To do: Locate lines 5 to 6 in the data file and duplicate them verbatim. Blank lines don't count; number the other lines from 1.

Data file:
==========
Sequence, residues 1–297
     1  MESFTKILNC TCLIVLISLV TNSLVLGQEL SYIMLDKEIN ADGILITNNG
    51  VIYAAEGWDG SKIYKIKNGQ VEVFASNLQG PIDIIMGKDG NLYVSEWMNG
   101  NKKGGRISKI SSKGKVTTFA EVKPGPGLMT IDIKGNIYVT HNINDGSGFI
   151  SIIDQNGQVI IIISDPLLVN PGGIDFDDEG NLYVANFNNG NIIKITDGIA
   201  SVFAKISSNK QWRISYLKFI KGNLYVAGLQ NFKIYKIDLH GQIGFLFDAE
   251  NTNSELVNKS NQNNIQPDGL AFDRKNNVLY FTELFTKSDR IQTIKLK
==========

   151  SIIDQNGQVI IIISDPLLVN PGGIDFDDEG NLYVANFNNG NIIKITDGIA
   201  SVFAKISSNK QWRISYLKFI KGNLYVAGLQ NFKIYKIDLH GQIGFLFDAE